Philosophy Dictionary of Arguments

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Rigidity, philosophy: Rigidity is an expression for the property of names to stand for the same object in all possible worlds, as opposed to descriptions that are not rigid and can change their reference. E.g. it is pointless to ask whether Napoleon might have been someone else but Napoleon in a possible world, but it is not meaningless to say that there is a possible world in which Napoleon is not the winner of Austerlitz. See also descriptions, names, possible worlds, range, necessity, possibility, reference, semantics of possible worlds, intensions, propositions.

Annotation: The above characterizations of concepts are neither definitions nor exhausting presentations of problems related to them. Instead, they are intended to give a short introduction to the contributions below. – Lexicon of Arguments.

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Hans Kamp on Rigidity - Dictionary of Arguments

Cresswell II 154
Making rigid/description/Kripke/Cresswell: (Kripke 1977, 259f)(1):
Normal description/Logical Form/Cresswell: "The F is G" is true in any possible world w iff. the thing that is (unambiguously) F in w is also G in w.
Rigid description/logical form: here is this true in w iff. the thing that is in the actual world F is G in w, whether or not it is F there in w.
Current world: which world is the actual one, is again relative to the standpoint: every world is for itself the actual one.
Rigid description/logical form: the rigid description must therefore involve two worlds: for we must say
"The F is G" is true in w2 as seen from w1, iff. the thing that is F in w1 is G in w2.
Double indexing/multiple indexing/terminology/Cresswell: it is called like this in Kamp (1971)(2), but it is almost not quite used in Lewis (1970. 185f)(3). Explicitly in Stalnaker (1978, 320)(4) as the formalization of Kripke's approach about names. It seems to be accepted in Kaplan (1979)(5).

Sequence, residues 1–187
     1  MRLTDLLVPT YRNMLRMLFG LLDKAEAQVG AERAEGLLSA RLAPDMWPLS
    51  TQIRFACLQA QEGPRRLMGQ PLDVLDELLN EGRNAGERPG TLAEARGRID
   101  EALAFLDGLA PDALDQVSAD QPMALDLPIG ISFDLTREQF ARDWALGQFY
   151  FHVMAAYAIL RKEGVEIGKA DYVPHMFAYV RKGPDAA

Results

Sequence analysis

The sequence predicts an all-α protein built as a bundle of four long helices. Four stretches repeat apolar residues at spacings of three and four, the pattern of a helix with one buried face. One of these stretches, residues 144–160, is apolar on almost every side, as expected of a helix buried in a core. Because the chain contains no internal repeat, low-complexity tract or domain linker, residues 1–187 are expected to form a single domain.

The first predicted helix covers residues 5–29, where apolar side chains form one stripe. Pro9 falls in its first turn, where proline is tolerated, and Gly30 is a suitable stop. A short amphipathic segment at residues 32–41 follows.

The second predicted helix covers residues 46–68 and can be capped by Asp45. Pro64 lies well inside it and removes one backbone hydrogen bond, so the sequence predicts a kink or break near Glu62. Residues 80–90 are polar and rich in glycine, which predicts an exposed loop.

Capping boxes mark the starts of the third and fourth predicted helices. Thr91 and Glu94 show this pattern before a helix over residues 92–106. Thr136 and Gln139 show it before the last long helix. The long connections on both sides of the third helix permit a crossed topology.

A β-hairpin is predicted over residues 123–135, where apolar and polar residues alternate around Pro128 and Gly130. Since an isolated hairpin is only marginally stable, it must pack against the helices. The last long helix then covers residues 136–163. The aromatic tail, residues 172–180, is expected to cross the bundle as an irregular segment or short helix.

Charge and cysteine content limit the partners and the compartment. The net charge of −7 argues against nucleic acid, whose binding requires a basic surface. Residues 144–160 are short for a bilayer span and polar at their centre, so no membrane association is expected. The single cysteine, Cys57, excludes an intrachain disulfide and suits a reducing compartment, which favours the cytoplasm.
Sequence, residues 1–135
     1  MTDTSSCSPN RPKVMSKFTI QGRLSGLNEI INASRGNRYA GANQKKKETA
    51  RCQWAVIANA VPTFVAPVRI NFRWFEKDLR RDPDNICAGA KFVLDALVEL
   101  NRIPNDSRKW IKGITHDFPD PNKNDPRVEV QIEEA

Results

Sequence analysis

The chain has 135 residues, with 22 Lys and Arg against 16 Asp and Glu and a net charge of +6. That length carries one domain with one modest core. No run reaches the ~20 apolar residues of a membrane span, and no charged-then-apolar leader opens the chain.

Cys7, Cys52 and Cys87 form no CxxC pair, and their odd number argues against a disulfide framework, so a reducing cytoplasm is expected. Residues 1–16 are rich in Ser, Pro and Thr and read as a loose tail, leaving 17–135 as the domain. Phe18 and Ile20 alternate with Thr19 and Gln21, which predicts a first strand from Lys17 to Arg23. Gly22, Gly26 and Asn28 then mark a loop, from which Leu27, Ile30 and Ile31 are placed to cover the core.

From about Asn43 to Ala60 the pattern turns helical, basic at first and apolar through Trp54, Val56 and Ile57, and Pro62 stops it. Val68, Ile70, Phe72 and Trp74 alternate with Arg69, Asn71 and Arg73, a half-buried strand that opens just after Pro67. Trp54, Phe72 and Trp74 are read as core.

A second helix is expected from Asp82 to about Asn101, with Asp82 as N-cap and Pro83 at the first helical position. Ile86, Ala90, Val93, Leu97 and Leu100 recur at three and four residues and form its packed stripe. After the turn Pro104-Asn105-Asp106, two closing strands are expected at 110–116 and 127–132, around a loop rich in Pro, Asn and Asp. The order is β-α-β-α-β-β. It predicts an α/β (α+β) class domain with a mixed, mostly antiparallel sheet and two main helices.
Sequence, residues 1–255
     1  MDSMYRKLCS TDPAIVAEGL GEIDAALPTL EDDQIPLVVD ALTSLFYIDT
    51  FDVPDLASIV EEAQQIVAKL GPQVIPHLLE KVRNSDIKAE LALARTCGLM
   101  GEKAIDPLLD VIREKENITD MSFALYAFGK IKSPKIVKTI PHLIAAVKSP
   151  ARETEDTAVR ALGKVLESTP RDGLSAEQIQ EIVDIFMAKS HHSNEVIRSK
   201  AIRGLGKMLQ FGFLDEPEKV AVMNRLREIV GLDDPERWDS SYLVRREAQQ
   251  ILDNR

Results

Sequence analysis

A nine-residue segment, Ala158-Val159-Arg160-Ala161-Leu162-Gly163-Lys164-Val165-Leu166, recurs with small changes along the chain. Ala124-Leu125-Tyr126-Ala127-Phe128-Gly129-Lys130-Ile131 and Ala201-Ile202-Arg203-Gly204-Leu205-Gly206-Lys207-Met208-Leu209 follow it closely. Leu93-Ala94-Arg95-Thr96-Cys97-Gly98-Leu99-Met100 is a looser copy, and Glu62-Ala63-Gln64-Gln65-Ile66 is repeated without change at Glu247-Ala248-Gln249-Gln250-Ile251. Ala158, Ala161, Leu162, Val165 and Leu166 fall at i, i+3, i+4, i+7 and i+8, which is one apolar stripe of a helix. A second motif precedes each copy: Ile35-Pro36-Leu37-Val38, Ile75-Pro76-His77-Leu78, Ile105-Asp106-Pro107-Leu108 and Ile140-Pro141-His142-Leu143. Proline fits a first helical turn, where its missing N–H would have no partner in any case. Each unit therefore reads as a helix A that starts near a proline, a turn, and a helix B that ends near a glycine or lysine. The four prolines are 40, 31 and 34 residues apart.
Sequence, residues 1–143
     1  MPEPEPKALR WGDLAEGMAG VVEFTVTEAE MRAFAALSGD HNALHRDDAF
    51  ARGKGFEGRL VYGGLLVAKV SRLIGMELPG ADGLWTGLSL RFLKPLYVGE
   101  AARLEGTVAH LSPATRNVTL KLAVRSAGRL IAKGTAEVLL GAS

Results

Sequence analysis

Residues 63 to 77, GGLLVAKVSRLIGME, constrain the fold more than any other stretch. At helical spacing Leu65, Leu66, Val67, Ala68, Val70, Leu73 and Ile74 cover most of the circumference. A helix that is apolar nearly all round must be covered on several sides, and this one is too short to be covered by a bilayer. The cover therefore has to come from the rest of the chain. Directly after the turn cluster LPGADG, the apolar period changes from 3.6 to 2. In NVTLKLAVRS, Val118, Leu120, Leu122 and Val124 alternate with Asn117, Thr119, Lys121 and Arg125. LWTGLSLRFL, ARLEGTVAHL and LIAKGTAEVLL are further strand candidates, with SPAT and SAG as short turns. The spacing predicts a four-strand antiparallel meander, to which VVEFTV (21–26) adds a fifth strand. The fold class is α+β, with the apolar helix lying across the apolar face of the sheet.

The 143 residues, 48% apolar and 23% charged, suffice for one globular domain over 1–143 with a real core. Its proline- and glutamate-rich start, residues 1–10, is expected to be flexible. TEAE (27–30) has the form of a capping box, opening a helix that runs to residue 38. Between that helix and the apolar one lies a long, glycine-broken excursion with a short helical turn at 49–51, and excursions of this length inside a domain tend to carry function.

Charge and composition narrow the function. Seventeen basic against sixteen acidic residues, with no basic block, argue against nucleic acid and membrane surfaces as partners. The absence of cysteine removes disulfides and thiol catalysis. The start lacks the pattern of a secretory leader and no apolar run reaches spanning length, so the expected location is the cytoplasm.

(1) Kripke, S. (1977): Speaker’s reference and semantic reference. In: Midwest Studies In Philosophy, Vol. 2(1), pp. 255 - 276.
(2) Kamp, H. (1971): To the memory of Arthur Prior Formal properties of ‘now’. In: Theoria, Vol. 37(3), pp. 227-273.
(4) Stalnaker, R. (1978): Assertion. In: Syntax and Semantics (New York Academic Press), Vol. 9, pp. 315-332.
(5) Kaplan, D. (1979): On the Logic of Demonstratives, Journal of Philosophical Logic, VIII 1978: 81–98; and reprinted in French et al. (eds.), Contemporary Perspectives in the Philosophy of Language (Minneapolis: University of Minnesota Press, 1979): 401–412.

Explanation of symbols: Roman numerals indicate the source, arabic numerals indicate the page number. The corresponding books are indicated on the right hand side. ((s)…): Comment by the sender of the contribution.
The note [Author1]Vs[Author2] or [Author]Vs[term] is an addition from the Dictionary of Arguments. If a German edition is specified, the page numbers refer to this edition.

Kamp I
From Discourse to Logic: Introduction to Modeltheoretic Semantics of Natural Language, Formal Logic and Discourse Representation Theory (Studies in Linguistics and Philosophy)

Cr I
M. J. Cresswell
Semantical Essays (Possible worlds and their rivals) Dordrecht Boston 1988

M. J. Cresswell
Structured Meanings Cambridge Mass. 1984

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Ed. Martin Schulz, access date 2021-02-25
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